Elections in USA

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In the 2000-2001 election cycle, the issue of campaign finance reform was brought to the forefront by Senator John McCain (R-Az) as his key issue in the race for the Republican presidential nomination. His loss in the primary, however, only delayed a showdown on the matter within the Republican Party. With President Bush in office, McCain has introduced a new version of his reform legislation, co-sponsored by Senator Russ Feingold, a liberal Democrat from Wisconsin (Economist, Jan 2001), slated for debate on the Senate floor sometime in March by Trent Lott, Republican majority leader who, along with most of the Republican leadership, has resisted previous attempts to amend FEC regulations in the past (Pittsburg Post-Gazette 13 Feb, 2001).
The pressure to change the rules is mounting from discouraged voters, corporations, and lawmakers from both sides of the aisle to curtail the outrageous expenditures by both parties. The guidelines set forth by the 1974 FEC amendments are said to be out-of-date with loopholes that allow unlimited amounts of unregulated soft money to enter the system. Common Cause estimated that $3 billion was spent in federal elections in this past go-around, up nearly $1 billion from 1996, with soft money totals nearly doubling from $256 million to $457 million (The Nation, 29 Jan 2001).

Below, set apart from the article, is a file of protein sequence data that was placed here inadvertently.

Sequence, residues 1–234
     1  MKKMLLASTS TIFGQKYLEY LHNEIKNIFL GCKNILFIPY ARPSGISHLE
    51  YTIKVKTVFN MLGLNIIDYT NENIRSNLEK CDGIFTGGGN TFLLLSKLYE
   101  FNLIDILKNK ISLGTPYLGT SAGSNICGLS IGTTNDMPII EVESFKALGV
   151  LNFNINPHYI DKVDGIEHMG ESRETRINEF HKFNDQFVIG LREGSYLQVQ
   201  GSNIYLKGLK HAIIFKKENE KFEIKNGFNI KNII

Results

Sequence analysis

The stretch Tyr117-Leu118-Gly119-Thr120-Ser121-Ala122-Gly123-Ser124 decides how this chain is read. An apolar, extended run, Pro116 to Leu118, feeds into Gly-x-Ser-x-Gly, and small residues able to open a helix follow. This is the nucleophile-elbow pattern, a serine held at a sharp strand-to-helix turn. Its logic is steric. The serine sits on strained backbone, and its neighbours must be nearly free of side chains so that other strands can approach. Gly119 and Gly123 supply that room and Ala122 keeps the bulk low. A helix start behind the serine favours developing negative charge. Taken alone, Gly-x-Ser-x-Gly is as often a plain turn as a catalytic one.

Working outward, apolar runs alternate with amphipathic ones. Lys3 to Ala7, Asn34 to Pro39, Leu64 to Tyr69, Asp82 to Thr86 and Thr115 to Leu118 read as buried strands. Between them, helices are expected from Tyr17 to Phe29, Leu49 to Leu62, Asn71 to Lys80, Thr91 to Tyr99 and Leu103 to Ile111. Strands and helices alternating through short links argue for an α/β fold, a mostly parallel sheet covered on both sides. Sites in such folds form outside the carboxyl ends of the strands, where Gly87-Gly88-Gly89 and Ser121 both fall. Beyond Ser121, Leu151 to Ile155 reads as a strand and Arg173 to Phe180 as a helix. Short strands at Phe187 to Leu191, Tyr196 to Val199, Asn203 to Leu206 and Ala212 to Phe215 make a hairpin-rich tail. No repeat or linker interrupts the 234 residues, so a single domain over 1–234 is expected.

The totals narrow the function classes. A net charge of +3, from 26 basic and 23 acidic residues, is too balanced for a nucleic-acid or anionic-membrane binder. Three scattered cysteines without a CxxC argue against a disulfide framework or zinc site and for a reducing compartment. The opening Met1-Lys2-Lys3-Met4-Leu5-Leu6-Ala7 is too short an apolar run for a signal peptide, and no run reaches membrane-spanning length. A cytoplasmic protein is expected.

Chief among the concerns of pro-reformers are candidate-centered issue ads paid for by soft money, which are accused of misleading voters and the marriage of special interests and party candidates through donation of campaign funds. On the other side, those who favor the status quo argue that tighter rules on these funds constitute a clear violation of First Amendment rights. The following will elaborate on these issues and propose a hypothetical “reform bill” that borrows on the points discussed in the McCain-Feingold bill and others. The purpose is to devise a solution, which is both constitutionally acceptable and effective in reducing the current abuses in campaign finance. The reality of the situation is that over-legislation of the multi-billion dollar “industry” of campaigning is not going to change the system overnight, nor will it change the way people vote. But a cautious, common sense approach to reform could be an excellent way to begin to change how elections are conducted.
Those who advocate reform contend that the FECA laws are not eqiupped to deal with the nature of today’s powerhouse campaigns. “This election cycle is the first in history of the current regulatory scheme where the money spent that was not supposed to be spent on elections exceeded the money that is permitted to be spent,” said Joshua E.
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